The efficiency of organic light-emitting devices (OLEDs) is often limited by roll-off, where efficiency decreases with increasing bias. In most OLEDs, roll-off primarily occurs due to exciton quenching, which is commonly assumed to be active only above device turn-on. Below turn-on, exciton and charge carrier densities are often presumed to be too small to cause quenching. Using lock-in detection of photoluminescence, we find that this assumption is not generally valid; luminescence can be quenched by >20% at biases below turn-on. We show that this low-bias quenching is due to hole accumulation induced by intrinsic polarization of the electron transport layer (ETL). Further, we demonstrate that selection of nonpolar ETLs or heating during deposition minimizes these losses, leading to efficiency enhancements of >15%. These results reveal design rules to optimize efficiency, clarify how ultrastable glasses improve OLED performance, and demonstrate the importance of quantifying exciton quenching at low bias.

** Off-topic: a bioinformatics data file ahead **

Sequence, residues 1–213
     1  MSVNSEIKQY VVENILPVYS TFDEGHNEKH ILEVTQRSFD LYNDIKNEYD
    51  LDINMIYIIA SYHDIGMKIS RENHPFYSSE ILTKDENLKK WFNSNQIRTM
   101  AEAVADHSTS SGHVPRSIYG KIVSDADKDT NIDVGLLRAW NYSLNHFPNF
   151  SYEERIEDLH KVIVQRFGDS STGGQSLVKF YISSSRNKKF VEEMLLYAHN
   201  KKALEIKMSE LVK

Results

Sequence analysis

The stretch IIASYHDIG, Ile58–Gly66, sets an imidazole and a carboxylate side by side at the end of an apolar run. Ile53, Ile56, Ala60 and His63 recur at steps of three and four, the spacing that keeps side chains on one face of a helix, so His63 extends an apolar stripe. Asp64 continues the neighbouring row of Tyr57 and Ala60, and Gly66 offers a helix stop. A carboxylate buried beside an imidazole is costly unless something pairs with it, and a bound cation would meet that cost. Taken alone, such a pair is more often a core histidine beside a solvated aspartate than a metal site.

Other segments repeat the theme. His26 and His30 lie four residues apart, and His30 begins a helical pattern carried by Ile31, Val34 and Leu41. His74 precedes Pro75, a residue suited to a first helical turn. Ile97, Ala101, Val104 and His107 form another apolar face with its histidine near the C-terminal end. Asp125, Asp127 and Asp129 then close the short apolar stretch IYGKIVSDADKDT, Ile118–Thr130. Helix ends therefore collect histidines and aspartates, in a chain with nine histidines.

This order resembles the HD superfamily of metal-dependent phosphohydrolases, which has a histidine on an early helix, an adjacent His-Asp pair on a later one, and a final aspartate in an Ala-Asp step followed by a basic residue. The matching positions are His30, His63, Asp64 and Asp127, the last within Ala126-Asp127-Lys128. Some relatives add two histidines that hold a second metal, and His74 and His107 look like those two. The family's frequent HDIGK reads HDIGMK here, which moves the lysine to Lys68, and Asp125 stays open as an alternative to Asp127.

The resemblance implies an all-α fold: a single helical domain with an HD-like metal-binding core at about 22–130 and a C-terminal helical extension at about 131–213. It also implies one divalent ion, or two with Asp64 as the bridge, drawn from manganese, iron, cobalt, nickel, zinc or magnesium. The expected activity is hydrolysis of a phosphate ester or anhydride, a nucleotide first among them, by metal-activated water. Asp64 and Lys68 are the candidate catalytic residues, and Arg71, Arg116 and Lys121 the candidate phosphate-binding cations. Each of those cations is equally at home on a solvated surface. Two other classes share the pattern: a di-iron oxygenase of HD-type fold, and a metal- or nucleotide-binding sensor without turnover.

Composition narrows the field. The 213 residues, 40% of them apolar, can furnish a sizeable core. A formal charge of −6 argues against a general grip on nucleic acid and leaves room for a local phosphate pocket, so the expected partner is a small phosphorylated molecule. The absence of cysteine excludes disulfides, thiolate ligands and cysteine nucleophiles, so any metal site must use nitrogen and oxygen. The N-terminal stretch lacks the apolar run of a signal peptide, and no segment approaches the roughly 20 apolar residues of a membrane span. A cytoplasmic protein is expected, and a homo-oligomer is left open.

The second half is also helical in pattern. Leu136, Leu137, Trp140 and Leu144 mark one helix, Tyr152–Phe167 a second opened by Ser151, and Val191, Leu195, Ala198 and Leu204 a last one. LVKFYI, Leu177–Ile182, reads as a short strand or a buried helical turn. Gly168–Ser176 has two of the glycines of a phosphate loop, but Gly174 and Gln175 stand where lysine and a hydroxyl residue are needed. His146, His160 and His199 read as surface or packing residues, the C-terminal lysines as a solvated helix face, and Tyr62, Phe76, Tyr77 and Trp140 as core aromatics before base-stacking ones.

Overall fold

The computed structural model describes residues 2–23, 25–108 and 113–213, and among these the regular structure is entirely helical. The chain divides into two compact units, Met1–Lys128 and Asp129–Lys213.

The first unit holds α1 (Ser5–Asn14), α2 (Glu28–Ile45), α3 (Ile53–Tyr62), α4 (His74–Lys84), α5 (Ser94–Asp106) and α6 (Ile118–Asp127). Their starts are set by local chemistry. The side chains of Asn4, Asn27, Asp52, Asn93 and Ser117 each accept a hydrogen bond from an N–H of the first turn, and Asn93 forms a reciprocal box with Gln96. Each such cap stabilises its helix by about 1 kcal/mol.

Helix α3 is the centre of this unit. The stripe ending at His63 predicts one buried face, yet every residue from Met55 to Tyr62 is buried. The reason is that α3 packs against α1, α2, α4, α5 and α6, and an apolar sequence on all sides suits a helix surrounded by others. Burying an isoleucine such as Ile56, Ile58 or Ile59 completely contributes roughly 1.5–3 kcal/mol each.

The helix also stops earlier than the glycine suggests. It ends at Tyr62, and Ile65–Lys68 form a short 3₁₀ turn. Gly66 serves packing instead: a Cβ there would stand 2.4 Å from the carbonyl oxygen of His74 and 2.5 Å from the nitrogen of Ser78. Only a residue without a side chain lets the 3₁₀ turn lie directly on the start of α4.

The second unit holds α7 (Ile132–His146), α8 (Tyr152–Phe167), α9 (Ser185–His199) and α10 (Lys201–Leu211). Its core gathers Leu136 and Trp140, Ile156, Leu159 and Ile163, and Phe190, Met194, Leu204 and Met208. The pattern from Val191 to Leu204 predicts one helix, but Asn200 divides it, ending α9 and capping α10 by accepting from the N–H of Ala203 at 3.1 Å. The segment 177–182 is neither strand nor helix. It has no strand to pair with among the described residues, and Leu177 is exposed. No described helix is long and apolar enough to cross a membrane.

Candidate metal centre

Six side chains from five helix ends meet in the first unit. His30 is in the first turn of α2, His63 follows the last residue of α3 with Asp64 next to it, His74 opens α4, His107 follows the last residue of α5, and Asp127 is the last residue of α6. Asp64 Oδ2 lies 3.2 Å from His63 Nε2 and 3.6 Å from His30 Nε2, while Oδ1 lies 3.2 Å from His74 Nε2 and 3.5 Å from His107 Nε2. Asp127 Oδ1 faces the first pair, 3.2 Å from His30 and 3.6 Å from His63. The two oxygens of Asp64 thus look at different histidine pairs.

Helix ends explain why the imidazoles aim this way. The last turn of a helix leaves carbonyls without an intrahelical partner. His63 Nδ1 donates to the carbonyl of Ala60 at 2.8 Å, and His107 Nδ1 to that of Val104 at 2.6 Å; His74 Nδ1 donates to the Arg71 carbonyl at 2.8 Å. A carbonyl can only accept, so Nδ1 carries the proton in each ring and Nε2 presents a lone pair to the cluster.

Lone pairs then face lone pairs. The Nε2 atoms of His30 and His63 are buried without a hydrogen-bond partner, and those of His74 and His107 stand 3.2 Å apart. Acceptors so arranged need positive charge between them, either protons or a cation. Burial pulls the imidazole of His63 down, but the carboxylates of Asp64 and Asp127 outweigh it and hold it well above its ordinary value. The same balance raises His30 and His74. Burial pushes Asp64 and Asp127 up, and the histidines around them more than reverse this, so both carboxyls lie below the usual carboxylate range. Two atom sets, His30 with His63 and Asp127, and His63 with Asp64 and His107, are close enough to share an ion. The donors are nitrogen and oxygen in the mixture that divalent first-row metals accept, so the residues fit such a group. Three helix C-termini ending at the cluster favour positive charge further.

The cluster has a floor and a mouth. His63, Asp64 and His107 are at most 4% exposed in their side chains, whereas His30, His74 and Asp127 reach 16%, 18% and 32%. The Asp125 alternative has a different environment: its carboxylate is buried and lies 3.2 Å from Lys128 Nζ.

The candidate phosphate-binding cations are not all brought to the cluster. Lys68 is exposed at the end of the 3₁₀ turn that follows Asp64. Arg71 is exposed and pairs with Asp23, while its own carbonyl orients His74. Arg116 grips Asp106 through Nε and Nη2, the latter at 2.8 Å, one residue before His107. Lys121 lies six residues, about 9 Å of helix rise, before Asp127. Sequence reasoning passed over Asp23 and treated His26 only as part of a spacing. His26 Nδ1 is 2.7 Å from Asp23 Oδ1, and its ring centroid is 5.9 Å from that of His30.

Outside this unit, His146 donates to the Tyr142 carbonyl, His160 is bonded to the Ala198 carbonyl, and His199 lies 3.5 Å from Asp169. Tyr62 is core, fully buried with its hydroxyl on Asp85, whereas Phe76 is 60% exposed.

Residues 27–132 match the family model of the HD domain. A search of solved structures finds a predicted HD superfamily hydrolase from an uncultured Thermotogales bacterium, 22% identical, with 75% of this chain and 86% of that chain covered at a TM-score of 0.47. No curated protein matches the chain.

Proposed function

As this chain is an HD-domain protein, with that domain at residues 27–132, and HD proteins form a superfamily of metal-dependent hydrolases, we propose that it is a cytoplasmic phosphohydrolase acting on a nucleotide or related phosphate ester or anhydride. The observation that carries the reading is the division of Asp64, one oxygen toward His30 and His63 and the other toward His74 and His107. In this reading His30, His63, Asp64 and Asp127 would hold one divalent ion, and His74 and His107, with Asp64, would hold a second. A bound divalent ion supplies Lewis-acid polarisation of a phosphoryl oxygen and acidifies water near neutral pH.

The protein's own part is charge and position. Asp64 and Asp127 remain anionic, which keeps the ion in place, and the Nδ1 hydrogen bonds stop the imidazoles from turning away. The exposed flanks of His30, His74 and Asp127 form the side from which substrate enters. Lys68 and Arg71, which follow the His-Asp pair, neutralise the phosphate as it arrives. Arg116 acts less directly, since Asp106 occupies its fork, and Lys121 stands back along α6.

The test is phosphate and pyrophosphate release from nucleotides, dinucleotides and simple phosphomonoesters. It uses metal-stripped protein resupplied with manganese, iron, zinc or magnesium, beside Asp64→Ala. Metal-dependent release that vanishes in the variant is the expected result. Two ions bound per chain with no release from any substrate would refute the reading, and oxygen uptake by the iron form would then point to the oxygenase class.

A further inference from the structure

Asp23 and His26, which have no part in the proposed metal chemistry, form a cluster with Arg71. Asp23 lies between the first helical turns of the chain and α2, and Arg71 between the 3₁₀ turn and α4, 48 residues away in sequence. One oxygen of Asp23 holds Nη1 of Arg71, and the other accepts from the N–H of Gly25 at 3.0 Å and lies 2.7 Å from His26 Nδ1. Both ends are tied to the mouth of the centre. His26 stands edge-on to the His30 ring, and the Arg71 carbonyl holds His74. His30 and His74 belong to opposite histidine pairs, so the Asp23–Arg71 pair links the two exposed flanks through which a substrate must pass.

Bibliographical noteFunding Information:
This work was supported by DuPont Electronics and Imaging. J.S.B. and N.M.C. acknowledge support from the NSF Graduate Research Fellowship under grant no. 00074041. R.J.H. acknowledges support from Ronald L. and Janet A. Christenson. Parts of this work were carried out in the Characterization Facility, University of Minnesota, which receives partial support from the NSF through the MRSEC program.
© 2020 The Authors.
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